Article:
Illinois Agritourism Attractions Patch Things Up
In 1866, English immigrant Abel Heap settled in Kendall County with his wife, Elizabeth, and established the Heap family farm. Nearly 150 years later, Abel’s descendants continue the agriculture tradition on the same tract of land. But these days, the family shares its farm with thousands of visitors who travel each year to Heap’s Giant Pumpkin Farm in Minooka, one of northern Illinois’ most popular agritourism attractions.
Abel’s great-great-grandson, Kevin Heap, started selling pumpkins in the front yard of the family farm while a freshman in high school. After graduating from Purdue University in 2009 with a degree in agribusiness, Heap returned home and converted a plot of land into a U-pick attraction. Fifteen seasons after starting the pumpkin stand, Heap’s Giant Pumpkin Farm spans more than 160 acres and features a 25-acre pumpkin patch that grows more than 90 varieties of pumpkins, gourds and squash.
[infobox alignment=”right” title=”If You Go…”]Heap’s Giant Pumpkin Farm
Address: 4853 U.S. Hwy. 52, Minooka, IL 60447
Dates: Sept. 9-Oct. 31
Hours: Daily from 9:30 a.m.-6:30 p.m.
Admission: Free; tickets for specific attractions sold separately
Contact: heapsgiantpumpkinfarm.com, (815) 475-7373[/infobox]
“When you have something like this, you’ve got to have a passion for it, and Kevin definitely has that,” says Kaylee Shell, farm manager. “Each year, he started growing more pumpkins and adding more things. He went to college after high school, came back and decided this is what he wanted to do. And he’s been focused on it ever since – adding something new every year, so it has grown into the attraction it is today.”
From the second week in September through Halloween, visitors to Heap’s can take a hayride, try their luck at navigating the farm’s massive corn maze or the less challenging soybean maze, pick a pumpkin, see farm animals, browse the shelves of locally made products, or grab a bite to eat.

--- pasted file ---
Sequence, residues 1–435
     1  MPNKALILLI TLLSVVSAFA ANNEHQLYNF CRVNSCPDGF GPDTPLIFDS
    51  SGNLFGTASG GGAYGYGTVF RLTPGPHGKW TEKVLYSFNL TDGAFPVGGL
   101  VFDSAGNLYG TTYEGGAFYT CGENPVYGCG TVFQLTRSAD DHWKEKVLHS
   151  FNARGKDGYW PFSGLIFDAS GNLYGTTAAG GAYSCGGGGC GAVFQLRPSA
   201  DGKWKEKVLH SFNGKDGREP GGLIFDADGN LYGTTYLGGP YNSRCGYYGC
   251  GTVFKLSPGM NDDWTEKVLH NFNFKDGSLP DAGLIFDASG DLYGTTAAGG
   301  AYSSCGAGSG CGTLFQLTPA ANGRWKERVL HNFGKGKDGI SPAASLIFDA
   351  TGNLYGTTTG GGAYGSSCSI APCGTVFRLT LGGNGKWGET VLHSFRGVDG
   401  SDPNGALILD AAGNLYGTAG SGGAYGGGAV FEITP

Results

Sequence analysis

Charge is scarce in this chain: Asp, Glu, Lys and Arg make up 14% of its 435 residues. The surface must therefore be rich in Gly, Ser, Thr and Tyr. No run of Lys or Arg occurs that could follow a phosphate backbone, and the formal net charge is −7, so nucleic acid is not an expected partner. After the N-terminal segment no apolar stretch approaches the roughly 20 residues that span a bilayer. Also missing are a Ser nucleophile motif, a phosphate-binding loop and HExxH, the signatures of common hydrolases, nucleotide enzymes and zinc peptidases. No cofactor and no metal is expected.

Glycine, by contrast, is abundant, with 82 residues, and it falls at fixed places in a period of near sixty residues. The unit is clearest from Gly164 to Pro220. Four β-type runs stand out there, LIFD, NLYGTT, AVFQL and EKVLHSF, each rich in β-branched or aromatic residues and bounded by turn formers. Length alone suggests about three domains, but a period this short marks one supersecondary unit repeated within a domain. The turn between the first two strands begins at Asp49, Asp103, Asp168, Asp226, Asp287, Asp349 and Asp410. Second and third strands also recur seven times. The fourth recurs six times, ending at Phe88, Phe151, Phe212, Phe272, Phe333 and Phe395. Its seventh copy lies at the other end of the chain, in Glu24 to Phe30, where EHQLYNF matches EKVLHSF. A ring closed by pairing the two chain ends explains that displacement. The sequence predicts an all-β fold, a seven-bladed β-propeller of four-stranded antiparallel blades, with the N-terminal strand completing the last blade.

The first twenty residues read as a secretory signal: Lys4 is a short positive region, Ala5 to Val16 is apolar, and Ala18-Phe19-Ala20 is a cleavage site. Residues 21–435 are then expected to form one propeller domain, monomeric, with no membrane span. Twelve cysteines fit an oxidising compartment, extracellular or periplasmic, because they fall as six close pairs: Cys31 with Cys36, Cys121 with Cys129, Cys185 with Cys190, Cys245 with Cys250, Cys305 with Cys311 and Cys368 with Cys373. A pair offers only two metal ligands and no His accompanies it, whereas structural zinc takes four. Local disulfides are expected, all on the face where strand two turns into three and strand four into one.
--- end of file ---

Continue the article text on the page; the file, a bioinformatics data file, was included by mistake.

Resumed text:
“We sell jams and jellies, apple cider doughnuts, and pumpkin cookies from a local bakery. We also serve pork burgers from a local pig farmer. We try to source everything we sell and serve from producers right around us,” Shell says. “When people come out, they get a pork burger and a pumpkin cookie. That’s kind of our specialty.”
The farm welcomes school groups from the area. While the kids certainly enjoy climbing Milo’s play castle (named for Kevin’s grandfather), tumbling over hay bales and wading through corn boxes in the Heaps O’ Fun Barn, Shell says they also focus on education.
“We have a lot of schools from the area come out and learn about pumpkins and agriculture as a whole. They get a chance to touch an ear of corn, pet farm animals for the first time and ask us questions,” Shell says. “Most people never get the chance to go out to a farm and see how their food is grown.”
Heap’s Giant Pumpkin Farm represents a growing number of agritourism attractions cropping up, not only in Illinois but across the country. In fact, between 2007 and 2012, the number of U.S. agritourism opportunities grew by nearly 30 percent.
Sue Hronik of the Chicago and Beyond Regional Tourism Office says diversity in the kinds of attractions accounts for much of the growth.
“Agritourism is growing because it encompasses so many different types of attractions, from farmers’ markets and restaurants that use farm-fresh ingredients to winery tours, apple orchards and pumpkin patches,” Hronik says. “In this part of the country – northern Illinois – agritourism is a selling point and something that attracts visitors from all over the country and the world.”
The Chicago and Beyond website features an entire section on agritourism with listings for U-pick farms, wineries, pumpkin patches, county fairs and festivals, and a comprehensive directory of regional farmers’ markets.
[infobox alignment=”right” title=”See More”]Visit more Illinois pumpkin farms this fall.[/infobox]
“People around us are always looking for fun and different things to do, and certainly a trip to a pumpkin patch plays right into that,” Shell says. “We’re not too far from Chicago, so we get people from the city, but we also draw visitors from the rural areas as well. You get new people every year who drive past and say, ‘I never knew you were out here. I’m glad I stopped.’ We’ve found that the more fun we provide, the more people we attract, so we try to provide a fun and educational experience each year and continue to add to the new activities.”